Made it to the airport, despite moose in the road.
First time at an airport since 9/11. Had to unload each laptop in their own trays, my shoes, my coat, and my camera into separate trays (not to mention my two bags). But security was very nice and helpful. And hey! Wireless everywhere!
As for RSS, Google Base represents a kind of Confirmation. With Google’s endorsement, RSS has now graduated from a rather obscure content syndication standard to the exautled status of the web’s default standard for data integration.
First of all, Base supports uploads in RSS 1.0, RSS 2.0, and Atom, not just RSS 2.0. Regardless, saying that RSS is some form of default standard for data integration is the same as saying that we can have any data we want — as long as it fits into a primitive single level hierarchy and can be defined with a few simple attributes. Sure, go ahead: build a data empire on that. When you’re done, I have a nice 25 million row Access database to sell you.
He also writes:
In addition, it should not be lost on people that once Google assimilates all of these disparate feeds, it can combine them and then republish them in whatever fashion it wishes.
That’s true — so do think about this, because you may or may not like how Google takes your data and ‘morphs’ it. And if you decide to host content in the space that Google provides? Note that doing so turns over royalty free/copyright free access to whatever it is you upload.
Oh but I can hear the little soldiers now: Sharing is good! All right thinking people share! I don’t have time to point to it, but you might remember the lesson that the Corante Between Lawyers learned when ’sharing’ isn’t completely defined.
Parekh waxes ecstatic on how Base is going to allow Google to effectively wipe the floor with any and all big companies online:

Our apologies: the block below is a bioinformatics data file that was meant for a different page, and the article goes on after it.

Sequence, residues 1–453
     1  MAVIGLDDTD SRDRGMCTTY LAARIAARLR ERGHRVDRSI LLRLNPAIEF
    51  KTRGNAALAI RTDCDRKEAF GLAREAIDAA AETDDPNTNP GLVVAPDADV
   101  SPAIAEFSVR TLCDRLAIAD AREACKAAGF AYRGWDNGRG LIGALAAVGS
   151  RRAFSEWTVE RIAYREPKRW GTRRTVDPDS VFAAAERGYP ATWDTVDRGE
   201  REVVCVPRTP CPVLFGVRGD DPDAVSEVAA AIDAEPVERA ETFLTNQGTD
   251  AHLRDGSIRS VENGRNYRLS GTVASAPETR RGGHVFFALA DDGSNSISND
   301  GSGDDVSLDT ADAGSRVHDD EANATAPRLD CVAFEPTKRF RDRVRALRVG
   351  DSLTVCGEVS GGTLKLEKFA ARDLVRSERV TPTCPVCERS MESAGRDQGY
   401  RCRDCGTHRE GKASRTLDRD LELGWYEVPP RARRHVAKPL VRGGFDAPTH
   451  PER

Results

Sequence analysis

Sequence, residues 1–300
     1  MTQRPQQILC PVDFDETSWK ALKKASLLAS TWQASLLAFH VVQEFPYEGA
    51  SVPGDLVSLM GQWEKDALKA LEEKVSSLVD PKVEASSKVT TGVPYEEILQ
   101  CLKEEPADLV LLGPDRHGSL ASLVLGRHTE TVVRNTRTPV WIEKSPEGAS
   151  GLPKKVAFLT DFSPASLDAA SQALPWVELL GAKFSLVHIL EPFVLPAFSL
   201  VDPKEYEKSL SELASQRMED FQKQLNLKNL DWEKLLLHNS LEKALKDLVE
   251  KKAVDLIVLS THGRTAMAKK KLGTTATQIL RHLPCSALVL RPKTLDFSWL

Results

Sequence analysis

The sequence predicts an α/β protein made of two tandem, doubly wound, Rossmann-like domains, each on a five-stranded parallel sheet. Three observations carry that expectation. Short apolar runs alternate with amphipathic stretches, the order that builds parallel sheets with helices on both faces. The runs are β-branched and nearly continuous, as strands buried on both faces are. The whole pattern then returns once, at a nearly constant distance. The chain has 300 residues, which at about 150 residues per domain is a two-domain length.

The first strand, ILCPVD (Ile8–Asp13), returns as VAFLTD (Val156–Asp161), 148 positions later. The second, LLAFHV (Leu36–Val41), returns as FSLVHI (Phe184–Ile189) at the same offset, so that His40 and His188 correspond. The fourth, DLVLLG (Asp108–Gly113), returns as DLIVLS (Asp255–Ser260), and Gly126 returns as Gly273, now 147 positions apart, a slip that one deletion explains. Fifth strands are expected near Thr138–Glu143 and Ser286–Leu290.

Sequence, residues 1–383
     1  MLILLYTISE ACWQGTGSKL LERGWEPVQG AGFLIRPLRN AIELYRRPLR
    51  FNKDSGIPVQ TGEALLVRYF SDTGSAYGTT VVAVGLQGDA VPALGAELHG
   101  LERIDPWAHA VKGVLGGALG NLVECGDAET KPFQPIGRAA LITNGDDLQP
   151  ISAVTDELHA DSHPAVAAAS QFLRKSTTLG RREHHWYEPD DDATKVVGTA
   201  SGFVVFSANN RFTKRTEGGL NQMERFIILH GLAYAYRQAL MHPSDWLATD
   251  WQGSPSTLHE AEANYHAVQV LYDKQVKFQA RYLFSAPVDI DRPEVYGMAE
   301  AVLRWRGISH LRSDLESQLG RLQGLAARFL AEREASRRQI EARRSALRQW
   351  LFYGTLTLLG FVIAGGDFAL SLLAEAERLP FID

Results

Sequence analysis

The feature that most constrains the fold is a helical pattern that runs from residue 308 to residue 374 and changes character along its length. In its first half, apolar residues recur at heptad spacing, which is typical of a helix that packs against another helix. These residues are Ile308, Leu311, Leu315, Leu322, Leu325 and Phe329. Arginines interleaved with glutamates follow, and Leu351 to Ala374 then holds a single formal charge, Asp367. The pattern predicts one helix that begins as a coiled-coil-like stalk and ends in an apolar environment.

This makes Google Base kind of the elephant being described by blind-folded folks:
1. “It’s Online Classifieds” and will go after Craigslist.
2. “It’s Online shopping” and will go after eBay and Amazon.
4. “It’s an Online repository for photos, music and videos” and will go after Flickr, iTunes and others.
5. “It’s a way to tag content” and will go after del.icio.us and others.
6. “It’s a way to to put resumes online” and will go after Monster, Indeed and others.
7. “It’s a way to do online photos, music, videos, etc.” and will go after Flickr, iTunes, and others.
8. “It’s a way to back into online databases, potentially word processors and spreadsheets”, and so go after Microsoft.
And so on. The answer is it can be all of those things. And none of them.
And as a bonus for Google, it takes some wind from the sails of all these potential competitors, Web 2.0 or not.
I would beg to differ that this can …be all those things. Even if by some stretch and perversion of RSS we can squish all these things into a syndication feed format (remember syndication feeds?), to define a technology in terms of companies squashed shows an alarming corruption of technology, where tech is now valued based on market share rather than any form of good use or design or even interest.
Regardless, every time I see the glow of gold in the eyes of folks, there’s this little devil that pops up and says, “Eh, time to go to work, Shelley”.
Google Base is centralized. No amount of ‘Google desktop’ integration will change the fact that the Google imprint exists on any and all of this metadata. If Base folds, so does your data. This is the wrong approach to take.
Even if we can store our metadata locally and upload to Base, trying to shove all the world in a little bitty syndication feed box shows that we’re not even interested in stretching ourselves into a world of really rich data. We’re willing to settle for tags, more tags, and maybe a title or two. Is this what we see for the bright new world of the future of the web?
Where’s the hunger in folks? Is being able to ‘monetize’ a technology all that matters any more.
I think Google Base is a fun experiment, and I’m willing to play a little. It will be interesting to see the directory, especially if the company provides web services that aren’t limited to so many queries a day. But I never forget that Google is in the business to make a profit. If we give it the power, it will become the Wal-Mart of the waves–by default if not by design. Is that what you all want? If it is, just continue getting all misty eyed, because you’ll need blurred vision not to see what should be right in front of you.
See what moose do to me? Nothing like a good scare at 3 in the morning to get the creative juices going. See you all in St. Louis.